STRANGE STUFF—Morenci Elementary School students learn that blue isn’t really blue when seen through the right color of lens. Volunteer April Pike presents the lesson to students at one of the many stations brought to the school by the COSI science center. The theme of this year’s visit was the solar system.
  • Front.leaves
    MAPLE leaves show their fall colors in a puddle at Morenci’s Riverside Natural Area. “This was a great year for colors,” said local weather watcher George Isobar. Chilly mornings will give way to seasonable fall temperatures for the next two weeks.
  • Front.band
    MORENCI Marching Band member Brittany Dennis keeps the beat Friday during the half-time show of the Morenci/Pittsford football game. Color guard member Jordan Cordts is at the left. The band performed this season under the direction of Doyle Rodenbeck who served as Morenci’s band director in the 1970s. He’s serving as a substitute during a family leave.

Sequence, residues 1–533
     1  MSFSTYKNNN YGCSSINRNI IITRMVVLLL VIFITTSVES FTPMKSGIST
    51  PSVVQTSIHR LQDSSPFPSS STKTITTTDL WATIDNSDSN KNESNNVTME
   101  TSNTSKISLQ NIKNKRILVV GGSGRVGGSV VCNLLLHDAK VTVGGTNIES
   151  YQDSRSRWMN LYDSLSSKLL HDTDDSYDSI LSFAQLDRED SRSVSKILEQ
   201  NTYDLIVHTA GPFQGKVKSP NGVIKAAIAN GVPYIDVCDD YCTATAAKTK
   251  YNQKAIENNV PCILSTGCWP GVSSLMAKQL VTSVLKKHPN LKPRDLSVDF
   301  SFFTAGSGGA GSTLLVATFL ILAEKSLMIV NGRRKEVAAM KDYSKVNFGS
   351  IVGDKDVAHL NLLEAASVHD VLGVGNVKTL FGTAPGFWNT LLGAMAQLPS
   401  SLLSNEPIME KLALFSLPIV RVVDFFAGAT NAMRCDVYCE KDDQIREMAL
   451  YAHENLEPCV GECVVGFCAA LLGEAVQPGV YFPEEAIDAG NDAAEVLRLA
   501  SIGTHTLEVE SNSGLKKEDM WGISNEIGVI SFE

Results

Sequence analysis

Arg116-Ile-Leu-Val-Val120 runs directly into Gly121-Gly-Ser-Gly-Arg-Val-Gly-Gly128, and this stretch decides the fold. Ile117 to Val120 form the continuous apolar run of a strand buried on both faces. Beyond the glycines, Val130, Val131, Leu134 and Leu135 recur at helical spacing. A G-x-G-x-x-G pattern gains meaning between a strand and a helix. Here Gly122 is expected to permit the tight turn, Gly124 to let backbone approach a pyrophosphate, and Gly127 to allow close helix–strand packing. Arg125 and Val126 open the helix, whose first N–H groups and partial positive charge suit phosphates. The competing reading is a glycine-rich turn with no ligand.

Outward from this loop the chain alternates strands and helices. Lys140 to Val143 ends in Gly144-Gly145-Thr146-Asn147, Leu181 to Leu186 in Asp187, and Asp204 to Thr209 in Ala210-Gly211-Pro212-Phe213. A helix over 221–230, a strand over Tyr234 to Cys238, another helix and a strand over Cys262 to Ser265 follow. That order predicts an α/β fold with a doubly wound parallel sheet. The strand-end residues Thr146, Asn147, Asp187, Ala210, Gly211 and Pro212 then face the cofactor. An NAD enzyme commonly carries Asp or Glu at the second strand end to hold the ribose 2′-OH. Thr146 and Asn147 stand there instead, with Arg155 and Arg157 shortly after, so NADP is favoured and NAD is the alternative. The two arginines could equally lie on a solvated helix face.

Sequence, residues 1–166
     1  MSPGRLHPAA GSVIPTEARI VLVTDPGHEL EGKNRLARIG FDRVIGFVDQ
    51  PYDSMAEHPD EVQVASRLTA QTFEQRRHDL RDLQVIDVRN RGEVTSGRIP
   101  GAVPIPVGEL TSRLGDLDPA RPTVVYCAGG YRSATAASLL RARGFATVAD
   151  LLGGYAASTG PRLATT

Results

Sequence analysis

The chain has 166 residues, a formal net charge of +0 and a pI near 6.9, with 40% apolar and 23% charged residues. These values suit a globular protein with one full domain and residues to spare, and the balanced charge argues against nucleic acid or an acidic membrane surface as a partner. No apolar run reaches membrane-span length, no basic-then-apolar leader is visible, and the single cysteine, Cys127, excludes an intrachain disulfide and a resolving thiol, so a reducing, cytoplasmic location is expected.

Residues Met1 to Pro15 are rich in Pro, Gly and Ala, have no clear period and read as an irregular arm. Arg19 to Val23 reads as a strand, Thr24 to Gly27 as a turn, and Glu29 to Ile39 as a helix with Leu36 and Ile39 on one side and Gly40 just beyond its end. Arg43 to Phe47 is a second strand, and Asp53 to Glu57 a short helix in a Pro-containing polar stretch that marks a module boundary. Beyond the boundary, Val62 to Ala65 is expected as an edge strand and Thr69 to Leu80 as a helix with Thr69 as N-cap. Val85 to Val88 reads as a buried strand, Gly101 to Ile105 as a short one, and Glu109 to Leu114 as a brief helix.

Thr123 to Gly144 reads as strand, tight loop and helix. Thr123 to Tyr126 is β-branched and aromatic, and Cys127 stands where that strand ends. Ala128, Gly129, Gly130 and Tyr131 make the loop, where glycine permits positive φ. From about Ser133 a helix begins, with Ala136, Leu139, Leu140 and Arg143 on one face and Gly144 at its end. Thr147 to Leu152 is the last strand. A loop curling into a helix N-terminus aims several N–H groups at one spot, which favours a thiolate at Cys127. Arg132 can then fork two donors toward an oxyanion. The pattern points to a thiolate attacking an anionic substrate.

• Front.poles
    MOVING EAST—Utility workers continue their slow progress east along U.S. 20 south of Morenci. New electrical poles are put in place before wiring is moved into place.
  • Front.cowboy
    A PERFORMER named Biligbaatar, a member of the AnDa Union troupe from Inner Mongolia, dances at Stair District Library last week during a visit to the Midwest. The nine-member group blends a variety of traditions from Inner and Outer Mongolia. The music is described as drawing from “all the Mongol tribes that Genghis Khan unified.” The group considers itself music gatherers whose goal is to preserve traditional sounds of Mongolia. Biligbaatar grew up among traditional herders who live in yurts. Additional photos are on the back page of this week’s Observer.
  • Front.bear
    HOLDEN HUTCHISON gives a hug to a black bear cub—the product of a taxidermist’s skills—at the Michigan DNR’s Great Youth Jamboree. The event on Sunday marked the fourth year of the Jamboree. Additional photos are on page 12.